Monday, October 11, 2010

We’re on track to get the best Congress money can buy.

Money has a lot to do with what we are seeing in this election.  The January ruling by the Supreme Court in Citizens United vs. Federal Election Commission essentially gave the court’s stamp of approval for major corporations and rich individuals to pour millions into the mid-term elections without having to reveal what they were doing.

Rupert Murdock has poured millions into the mid-term elections backing Republicans.  He gave $1 million to the Republican Governors Associations and another $1 million to the U.S. Chamber of Commerce that is aggressively advertising against Democratic candidates. (NOTE: The Chamber is taking money from foreign corporations and rich individuals with an interest in influencing the American government.)  Murdock publishes 175 newspapers, including the New York Post and The Times of London. In the U.S., he owns the Twentieth Century Fox Studio, Fox Network, and 35 TV stations that reach more than 40% of the country. His cable channels include Fox News (which aggressively supporters Republican and Tea Party candidates), and 19 regional sports channels. In all, as many as one in five American homes at any given time will be tuned into a show News Corp. either produced or delivered.  Fox News has been a major backer of the Tea Party movement and Republicans in general.  Australian by birth, in 1985 Murdoch became a United States citizen to satisfy legislation that only United States citizens could own American television stations. This also resulted in Murdoch losing his Australian citizenship. It's ironic that Americans who oppose immigration are being manipulated by an immigrant.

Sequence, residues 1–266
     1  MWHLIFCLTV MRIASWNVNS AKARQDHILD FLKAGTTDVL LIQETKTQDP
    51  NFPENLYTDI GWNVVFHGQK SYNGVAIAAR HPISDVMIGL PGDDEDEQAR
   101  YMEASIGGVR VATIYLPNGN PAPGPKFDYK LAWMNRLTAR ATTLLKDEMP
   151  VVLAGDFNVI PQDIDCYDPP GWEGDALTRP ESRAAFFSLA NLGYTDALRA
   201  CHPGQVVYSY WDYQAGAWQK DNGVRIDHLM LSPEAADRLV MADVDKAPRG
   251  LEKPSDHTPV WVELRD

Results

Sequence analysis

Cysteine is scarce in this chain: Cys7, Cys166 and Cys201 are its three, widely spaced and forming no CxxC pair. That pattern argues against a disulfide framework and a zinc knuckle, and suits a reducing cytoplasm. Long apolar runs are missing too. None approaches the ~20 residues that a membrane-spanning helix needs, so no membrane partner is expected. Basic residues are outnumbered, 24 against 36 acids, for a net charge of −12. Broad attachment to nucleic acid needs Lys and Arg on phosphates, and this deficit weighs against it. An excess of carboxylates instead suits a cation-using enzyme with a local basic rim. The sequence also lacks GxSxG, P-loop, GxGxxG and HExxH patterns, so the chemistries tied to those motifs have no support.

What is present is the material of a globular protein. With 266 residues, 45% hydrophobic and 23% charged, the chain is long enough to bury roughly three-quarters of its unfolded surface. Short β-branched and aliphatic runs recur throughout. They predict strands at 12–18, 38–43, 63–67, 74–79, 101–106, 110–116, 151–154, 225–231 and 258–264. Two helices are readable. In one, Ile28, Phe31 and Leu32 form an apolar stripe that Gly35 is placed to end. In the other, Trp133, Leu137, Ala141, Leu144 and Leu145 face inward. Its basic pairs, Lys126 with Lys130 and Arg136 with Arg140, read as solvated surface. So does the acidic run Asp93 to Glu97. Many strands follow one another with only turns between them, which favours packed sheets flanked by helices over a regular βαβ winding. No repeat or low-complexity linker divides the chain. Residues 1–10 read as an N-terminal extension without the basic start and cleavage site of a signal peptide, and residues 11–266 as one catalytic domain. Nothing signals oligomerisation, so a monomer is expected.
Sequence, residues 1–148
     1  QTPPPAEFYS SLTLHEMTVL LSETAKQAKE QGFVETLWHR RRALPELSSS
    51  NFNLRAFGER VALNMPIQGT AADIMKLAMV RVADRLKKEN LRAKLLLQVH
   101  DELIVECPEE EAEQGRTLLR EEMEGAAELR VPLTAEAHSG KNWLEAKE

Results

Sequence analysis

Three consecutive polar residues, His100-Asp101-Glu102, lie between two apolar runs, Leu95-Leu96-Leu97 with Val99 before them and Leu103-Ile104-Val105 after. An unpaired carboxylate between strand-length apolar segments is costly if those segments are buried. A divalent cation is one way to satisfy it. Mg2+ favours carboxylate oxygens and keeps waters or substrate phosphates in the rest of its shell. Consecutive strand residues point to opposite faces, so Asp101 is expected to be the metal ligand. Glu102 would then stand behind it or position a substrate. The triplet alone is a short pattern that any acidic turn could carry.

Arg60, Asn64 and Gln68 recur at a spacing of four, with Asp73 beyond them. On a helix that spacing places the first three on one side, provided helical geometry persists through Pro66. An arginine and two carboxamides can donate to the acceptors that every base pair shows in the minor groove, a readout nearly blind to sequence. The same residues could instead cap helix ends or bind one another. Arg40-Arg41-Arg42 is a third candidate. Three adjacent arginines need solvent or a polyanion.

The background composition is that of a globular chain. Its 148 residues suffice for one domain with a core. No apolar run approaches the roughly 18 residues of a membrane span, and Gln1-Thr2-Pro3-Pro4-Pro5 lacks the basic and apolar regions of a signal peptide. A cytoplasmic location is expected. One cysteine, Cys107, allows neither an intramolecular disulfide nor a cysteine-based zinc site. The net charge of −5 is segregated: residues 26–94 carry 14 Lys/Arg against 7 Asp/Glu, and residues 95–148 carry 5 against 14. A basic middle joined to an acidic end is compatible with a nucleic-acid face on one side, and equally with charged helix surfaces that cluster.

Then there are the Koch brothers, particularly David Koch.  David Hamilton Koch (pronounced "coke",born May 3, 1940) is an American businessman, philanthropist, political activist and chemical engineer. He is a co-owner, (with older brother Charles), and an executive vice president of Koch Industries, a conglomerate that is the second largest privately held company in the U.S. Koch is the richest resident of New York City, as of 2010. He is a major patron of the arts and funder of conservative and libertarian political causes.  Koch with his brother Charles has supported groups and candidates advocating the abolition of U.S. Federal agencies including the FBI, CIA, U.S. Securities and Exchange Commission, United States Department of Energy, and other federal regulatory agencies; ending Social Security, minimum-wage laws, corporate taxes, and legalization of prostitution, recreational drugs, and suicide.  Koch is a major supporter of Americans for Prosperity Foundation and FreedomWorks both of which helped to create and finance the US Tea Party movement.